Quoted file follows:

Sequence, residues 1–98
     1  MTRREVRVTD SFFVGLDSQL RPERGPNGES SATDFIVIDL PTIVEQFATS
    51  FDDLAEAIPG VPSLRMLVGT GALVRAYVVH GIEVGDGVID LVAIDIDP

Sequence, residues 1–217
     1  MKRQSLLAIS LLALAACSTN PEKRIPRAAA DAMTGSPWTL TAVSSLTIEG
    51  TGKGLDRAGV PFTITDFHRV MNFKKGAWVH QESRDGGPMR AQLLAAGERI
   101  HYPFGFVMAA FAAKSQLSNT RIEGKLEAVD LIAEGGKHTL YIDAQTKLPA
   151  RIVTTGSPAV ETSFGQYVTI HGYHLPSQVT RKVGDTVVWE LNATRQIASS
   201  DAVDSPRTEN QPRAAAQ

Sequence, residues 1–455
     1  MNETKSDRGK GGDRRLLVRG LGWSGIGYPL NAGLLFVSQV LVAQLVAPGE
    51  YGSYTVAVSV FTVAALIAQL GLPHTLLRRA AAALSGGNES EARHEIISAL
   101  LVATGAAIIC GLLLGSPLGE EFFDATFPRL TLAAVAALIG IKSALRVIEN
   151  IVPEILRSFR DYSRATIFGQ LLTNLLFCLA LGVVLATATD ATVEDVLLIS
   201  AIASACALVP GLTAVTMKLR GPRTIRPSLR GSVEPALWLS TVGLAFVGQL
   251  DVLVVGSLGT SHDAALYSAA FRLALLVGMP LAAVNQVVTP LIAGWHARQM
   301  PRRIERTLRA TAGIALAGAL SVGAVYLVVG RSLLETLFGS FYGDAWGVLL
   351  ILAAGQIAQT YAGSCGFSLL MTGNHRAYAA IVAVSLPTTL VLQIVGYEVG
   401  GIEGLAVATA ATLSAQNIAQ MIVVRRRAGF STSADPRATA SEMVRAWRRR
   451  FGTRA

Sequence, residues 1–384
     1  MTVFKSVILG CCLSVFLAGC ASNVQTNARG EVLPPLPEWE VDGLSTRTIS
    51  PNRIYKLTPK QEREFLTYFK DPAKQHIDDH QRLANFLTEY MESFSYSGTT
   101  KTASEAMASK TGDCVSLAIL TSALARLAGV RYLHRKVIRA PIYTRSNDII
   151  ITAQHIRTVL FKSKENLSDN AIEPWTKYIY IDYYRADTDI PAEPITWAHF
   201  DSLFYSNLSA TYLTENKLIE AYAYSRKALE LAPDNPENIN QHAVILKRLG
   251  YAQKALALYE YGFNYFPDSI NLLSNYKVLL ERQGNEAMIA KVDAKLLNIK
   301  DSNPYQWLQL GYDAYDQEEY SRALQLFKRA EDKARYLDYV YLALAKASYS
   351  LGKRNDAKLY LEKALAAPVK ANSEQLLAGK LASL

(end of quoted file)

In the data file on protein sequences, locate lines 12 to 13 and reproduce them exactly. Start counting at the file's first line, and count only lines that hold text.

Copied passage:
    51  YGSYTVAVSV FTVAALIAQL GLPHTLLRRA AAALSGGNES EARHEIISAL
   101  LVATGAAIIC GLLLGSPLGE EFFDATFPRL TLAAVAALIG IKSALRVIEN